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The sales pitch for George A. Romero's Land of the Dead reads, "The legendary filmmaker brings you his ultimate zombie masterpiece." I'm glad it didn't say his penultimate. I could be content with what my Merriam-Webster's defines as "the last degree or stage of a long process beyond which further progress or change is impossible." I would not be so serene if all it meant, by an alternative definition, was "the best or most extreme of its kind." Four zombie films -- and not just four zombie films, but a tetralogy of zombie films, a zombie film and three sequels -- are more than enough for a single filmmaking career, even one that stretches clear back to the Sixties, and even with an interval of twenty years between the third and the fourth. I am less glad about the "masterpiece." I should have preferred, simply, respectable piece of work, job well done.

You can scarcely blame Romero for returning to the genre with which he is most closely identified. (Some would say, speaking carelessly, the genre he invented.) Always a marginal figure, provided the Hollywood margin extends wide enough to encompass his Pittsburgh home base, he was well on his way to becoming a completely negligible figure in the aftermath of the critical and popular failure of Day of the Dead, the aforementioned third. (Bruiser, his most recent effort, five years ago, and his only effort in the past dozen years, went straight to video and into oblivion.) Remakes, by other people, of the first and second of his zombie films, Night of the Living Dead and Dawn of the Dead, not to forget the left-handed tribute to him in the knockabout Shaun of the Dead, have perhaps kept his name alive as "legendary." But no one, or no one with finances, was beating down his door to find out whether the legend still had any growth in him. He was more or less in the position of the classic rock-and-roller from whom nothing is wanted but oldies. Romero means zombies, though not vice versa. Zombies can stumble on without him.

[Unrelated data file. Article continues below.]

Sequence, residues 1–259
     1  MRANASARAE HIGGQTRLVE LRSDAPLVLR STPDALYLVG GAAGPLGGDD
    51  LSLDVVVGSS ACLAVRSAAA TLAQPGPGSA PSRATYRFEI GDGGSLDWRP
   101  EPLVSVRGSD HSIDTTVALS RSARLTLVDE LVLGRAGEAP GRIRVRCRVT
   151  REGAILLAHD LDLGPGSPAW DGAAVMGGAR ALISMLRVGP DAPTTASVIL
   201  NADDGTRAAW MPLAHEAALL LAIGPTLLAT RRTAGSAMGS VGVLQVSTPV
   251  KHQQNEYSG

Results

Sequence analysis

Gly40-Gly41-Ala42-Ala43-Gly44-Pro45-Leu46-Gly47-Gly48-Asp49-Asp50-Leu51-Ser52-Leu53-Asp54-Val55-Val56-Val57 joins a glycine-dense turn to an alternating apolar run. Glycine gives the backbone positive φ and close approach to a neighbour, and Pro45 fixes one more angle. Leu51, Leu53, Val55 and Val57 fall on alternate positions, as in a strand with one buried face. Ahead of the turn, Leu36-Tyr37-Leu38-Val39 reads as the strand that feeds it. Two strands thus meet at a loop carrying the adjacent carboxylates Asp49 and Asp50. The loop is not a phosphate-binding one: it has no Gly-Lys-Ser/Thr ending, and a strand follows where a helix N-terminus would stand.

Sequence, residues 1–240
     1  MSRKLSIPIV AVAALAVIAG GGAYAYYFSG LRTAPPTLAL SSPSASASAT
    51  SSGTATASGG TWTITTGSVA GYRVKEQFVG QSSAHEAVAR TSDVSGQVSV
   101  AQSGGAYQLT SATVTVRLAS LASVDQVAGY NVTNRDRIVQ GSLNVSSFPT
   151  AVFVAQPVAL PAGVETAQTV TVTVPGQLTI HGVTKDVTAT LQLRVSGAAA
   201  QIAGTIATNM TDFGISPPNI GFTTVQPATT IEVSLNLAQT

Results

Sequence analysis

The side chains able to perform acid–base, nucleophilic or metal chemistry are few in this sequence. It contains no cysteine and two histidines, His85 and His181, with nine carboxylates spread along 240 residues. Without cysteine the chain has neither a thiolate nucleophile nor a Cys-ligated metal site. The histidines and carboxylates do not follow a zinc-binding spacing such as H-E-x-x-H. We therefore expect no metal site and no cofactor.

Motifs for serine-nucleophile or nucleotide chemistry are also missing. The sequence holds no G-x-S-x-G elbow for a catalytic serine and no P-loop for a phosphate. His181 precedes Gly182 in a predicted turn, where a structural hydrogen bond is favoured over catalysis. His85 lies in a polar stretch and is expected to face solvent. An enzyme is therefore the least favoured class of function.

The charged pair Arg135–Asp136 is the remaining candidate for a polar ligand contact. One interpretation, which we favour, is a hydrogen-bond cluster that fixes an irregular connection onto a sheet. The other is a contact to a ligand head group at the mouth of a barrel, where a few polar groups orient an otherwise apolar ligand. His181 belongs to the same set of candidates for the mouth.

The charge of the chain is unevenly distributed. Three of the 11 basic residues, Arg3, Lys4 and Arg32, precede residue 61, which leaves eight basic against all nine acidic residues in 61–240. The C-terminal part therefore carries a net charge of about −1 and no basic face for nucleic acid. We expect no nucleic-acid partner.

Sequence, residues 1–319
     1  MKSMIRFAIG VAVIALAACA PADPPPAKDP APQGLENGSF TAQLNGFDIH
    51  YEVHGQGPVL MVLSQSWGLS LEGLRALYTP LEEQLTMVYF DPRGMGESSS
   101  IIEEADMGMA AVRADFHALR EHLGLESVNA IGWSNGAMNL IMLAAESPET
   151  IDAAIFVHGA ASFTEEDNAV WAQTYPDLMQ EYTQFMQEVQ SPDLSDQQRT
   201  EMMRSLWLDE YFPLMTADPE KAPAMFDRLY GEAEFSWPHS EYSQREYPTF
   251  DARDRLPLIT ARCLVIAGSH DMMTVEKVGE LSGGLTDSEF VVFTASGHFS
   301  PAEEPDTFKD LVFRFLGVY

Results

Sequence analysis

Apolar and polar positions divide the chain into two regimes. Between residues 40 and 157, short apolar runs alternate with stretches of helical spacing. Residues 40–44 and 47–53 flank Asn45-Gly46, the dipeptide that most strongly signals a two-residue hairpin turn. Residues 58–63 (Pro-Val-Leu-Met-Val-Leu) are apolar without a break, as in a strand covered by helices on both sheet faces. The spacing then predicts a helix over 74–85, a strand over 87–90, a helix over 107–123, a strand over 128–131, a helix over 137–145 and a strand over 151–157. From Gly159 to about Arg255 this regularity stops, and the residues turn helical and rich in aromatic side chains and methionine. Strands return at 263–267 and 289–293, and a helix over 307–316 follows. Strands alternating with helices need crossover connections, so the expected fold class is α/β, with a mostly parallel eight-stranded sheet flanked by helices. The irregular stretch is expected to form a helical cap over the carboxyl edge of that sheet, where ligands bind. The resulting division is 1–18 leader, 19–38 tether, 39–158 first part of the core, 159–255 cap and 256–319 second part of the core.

Zombies, however, at least as envisioned in Night of the Living Dead, surely one of the most influential horror films in history (moviegoers insulated from grindhouse Italian cinema will have no idea), are inherently less interesting, less multifaceted, less malleable than vampires, for example, or ghosts. Romero pretty much said what he had to say about them in the first film, and then he said it again, more fluently, at greater length, with more humor, and in glorious gory color, in the second. The third was already redundant, although the missile-silo setting might have made it plainer, if the metaphors of cannibalism and consumerism hadn't made it plain by then, that what he was talking about was the end of civilization as we know it, the end of the world.